Prior to 1883, most cities and towns followed a self-designated local time (or "sun time") based on the movement of the sun across north-south meridians. But even in their earliest years, railroads--by contrast--required some degree of precision in the movement of trains.

A regulation from an 1858 L. & N. timetable stated: "Conductors and engineers must compare their watches daily with the clock in the Louisville Depot, which is the standard time by which all watches of men on the Road must be regulated." That brought a degree of conformity to L. & N. operations, even after the Railroad's southward expansion in the 1870s. And, because its direction was primarily north and south, the L. & N. was not hampered by the disparity of times to the extent some east-west roads were. A reporter traveling by train from Maine to California in 1880 changed his watch over 20 times just to keep track of the prevailing local times.

The mounting irritation among railway passengers and shippers over missed trains, or the misunderstandings that resulted from differences in local times, plus the mistakes (sometimes disastrous) that even railroad men made, offered visible testimony that all was not right in the province of time. . .and that something had to be done!

From the efforts of a dedicated group of railroad leaders came the General Time Convention of 1883, which brought into being Standard Time and the five time zones--Atlantic, Eastern, Central, Mountain, and Pacific--that we know today. Equally important, but not nearly so well known, was the standardization of watches and timekeeping necessary to safe railroad operations. That movement came in 1893 as a result of a bad wreck on an Eastern railroad caused by a faulty watch. Shortly thereafter, the railroads initiated the regular and strict inspection of all watches and clocks needed in train operation and this continues to the present.

"Is the application of time to train operation as important in 1962 as it was 50 or 75 years ago?" We asked this question of several transportation department officers. "It most certainly is!" they declared unanimously. One officers added: "The introduction of G. T. C., diesel locomotives, automatic retarder yards, data-processing equipment and a host of other improvements has not for one minute lessened the importance of accurate time to the safe operation of our trains."

While G. T. C. on the L. & N. in 1963 does control over 2,000 miles of main-line trackage, passenger and freight trains still run on regularly published schedules. And, wherever the particular run or division, train crews continue the time-honored ritual of comparing watches before each run. Of course, transportation department rules require all conductors and engineers to compare watches with a "clock designated by the time table as a standard clock and with each other." The time when watches were compared must then be recorded on a prescribed form (Clearance Form A).

Any L. & N.'er connected with train operations will readily declare that a railroad cannot run without precision time. A work train has been assigned to unload new rail along several miles of track. Train orders, sent to the "extra's" crew, limit the time the train may occupy that section of line before it must "clear" for a regularly scheduled train. Bridge, signal, or M. of W. crews might receive similar instructions. The crew of a train may be handed "wait orders," holding its train at a station, for example, until a specified period of time has passed.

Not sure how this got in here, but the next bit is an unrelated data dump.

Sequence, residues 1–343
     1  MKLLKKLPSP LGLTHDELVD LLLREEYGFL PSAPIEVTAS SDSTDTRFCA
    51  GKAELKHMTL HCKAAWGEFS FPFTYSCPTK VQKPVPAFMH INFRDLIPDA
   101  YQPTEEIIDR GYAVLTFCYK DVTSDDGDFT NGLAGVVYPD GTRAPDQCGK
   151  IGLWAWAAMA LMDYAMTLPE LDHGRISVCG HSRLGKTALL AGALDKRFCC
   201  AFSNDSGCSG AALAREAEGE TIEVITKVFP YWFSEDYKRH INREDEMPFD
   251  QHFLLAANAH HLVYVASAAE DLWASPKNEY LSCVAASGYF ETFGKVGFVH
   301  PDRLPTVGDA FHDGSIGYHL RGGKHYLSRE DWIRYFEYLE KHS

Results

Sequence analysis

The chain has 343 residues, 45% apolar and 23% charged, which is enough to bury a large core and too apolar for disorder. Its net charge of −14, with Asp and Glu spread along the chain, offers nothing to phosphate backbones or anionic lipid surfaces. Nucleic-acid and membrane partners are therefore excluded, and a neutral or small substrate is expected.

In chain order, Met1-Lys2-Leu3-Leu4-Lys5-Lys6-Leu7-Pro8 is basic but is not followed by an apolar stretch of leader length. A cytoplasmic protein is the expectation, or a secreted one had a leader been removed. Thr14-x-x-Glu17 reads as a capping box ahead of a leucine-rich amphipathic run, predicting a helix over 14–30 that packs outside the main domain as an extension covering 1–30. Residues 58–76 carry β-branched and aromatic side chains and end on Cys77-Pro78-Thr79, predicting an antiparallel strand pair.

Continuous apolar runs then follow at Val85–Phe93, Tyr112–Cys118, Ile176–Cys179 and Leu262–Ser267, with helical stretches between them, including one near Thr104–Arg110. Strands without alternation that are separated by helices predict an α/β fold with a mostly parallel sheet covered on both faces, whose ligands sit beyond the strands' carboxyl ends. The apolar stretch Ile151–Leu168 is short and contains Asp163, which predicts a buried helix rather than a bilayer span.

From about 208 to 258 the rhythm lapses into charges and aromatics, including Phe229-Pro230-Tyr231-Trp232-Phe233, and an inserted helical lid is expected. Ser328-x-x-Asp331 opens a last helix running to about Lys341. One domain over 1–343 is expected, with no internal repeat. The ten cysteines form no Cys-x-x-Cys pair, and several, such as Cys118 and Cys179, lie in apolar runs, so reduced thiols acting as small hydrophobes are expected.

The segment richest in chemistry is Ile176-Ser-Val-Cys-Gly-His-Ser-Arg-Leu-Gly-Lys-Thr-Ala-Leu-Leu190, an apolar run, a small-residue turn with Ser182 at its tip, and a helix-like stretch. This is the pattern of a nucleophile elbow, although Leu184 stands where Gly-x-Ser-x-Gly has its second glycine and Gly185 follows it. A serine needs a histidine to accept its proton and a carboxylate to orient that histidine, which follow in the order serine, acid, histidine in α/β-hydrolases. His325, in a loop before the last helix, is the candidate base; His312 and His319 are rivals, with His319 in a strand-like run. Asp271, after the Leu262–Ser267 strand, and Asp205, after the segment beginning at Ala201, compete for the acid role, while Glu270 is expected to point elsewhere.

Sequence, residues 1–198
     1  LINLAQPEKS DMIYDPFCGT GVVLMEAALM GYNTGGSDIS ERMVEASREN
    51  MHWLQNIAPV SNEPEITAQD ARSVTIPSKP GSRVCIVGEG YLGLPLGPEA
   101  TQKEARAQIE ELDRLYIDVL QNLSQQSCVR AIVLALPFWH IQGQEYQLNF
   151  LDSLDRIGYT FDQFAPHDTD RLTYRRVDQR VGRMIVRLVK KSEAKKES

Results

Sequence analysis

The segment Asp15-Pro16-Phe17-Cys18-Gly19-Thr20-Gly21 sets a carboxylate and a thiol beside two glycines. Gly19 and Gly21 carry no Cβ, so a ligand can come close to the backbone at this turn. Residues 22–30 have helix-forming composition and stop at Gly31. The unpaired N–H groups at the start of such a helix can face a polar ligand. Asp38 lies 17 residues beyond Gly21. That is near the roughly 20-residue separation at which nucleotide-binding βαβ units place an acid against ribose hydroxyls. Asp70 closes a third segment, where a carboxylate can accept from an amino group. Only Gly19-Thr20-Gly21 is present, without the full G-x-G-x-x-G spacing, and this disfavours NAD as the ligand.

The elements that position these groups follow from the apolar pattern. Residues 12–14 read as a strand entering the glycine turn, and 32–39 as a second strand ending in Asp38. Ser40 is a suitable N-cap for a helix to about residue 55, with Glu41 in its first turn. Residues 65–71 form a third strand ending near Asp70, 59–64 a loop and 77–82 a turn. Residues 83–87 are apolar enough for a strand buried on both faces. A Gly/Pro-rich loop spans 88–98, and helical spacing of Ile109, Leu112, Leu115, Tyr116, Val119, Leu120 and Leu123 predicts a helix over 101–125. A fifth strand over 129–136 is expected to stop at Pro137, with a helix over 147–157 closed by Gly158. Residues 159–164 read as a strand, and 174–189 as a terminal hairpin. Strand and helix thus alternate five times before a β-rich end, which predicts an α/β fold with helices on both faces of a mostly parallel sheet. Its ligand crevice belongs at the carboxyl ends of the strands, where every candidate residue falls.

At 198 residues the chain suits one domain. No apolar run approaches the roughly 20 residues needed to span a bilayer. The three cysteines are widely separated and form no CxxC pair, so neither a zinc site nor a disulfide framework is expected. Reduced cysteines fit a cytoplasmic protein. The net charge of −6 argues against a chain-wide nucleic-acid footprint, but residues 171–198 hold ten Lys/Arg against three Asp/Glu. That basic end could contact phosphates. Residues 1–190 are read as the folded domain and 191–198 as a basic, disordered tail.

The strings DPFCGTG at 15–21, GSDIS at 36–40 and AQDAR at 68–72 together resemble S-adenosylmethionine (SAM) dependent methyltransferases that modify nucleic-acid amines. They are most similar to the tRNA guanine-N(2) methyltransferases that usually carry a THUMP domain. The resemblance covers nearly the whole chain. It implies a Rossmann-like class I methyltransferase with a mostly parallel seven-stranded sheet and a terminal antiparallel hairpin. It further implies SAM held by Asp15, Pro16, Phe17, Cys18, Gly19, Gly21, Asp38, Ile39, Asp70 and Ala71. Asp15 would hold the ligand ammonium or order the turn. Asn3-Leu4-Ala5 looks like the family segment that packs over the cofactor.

Who must carry watches? Under transportation department rules, all employees concerned with the operation of trains must have watches, and new men joining the Company in such capacity must purchase watches. The list would include assistant superintendents, chief and train dispatchers, yardmasters, trainmasters and their assistants, stationmasters, conductors, brakemen and baggagemen, switch foremen, traveling engineers, engineers and firemen, roundhouse foremen and hostlers as well as division engineers and their assistants, section, bridge and building foremen, track, signal and bridge supervisors, and signal and telephone maintainers. In all, approximately 4,000 to 4,500 employees are affected.

Not only must those employees carry a type and make of watch approved by the Railroad's general time inspector, they are required to submit their watches to locally designated inspectors for monthly comparisons. A card, also carried by the L. & N.'er, is signed by the local inspector each time he checks the man's watch, which--incidentally--receives considerably more scrutiny at an annual inspection, and is cleaned and oiled every 18 to 24 months. Our Railroad's 106 local watch inspectors are appointed by H. J. Webb, general time inspector, Nashville, with the approval of division superintendents and the transportation department.

Just to keep further tabs on "Father Time, the L. & N.'s 101 standard clocks (timetable designated and located at major division points) also come under the careful eye of Mr. Webb. Each day at 11:00 a.m. (12 noon in Eastern Time areas of our System), all standard clocks are adjusted by division personnel from a System-wide time signal sent out by H. C. Tillery, supervisor, communications center, Louisville, and Western Union, Nashville. That signal, by the way, comes direct from the Naval Observatory, Washington, D. C. Each quarter, standard clocks are checked by a representative of the general time inspector.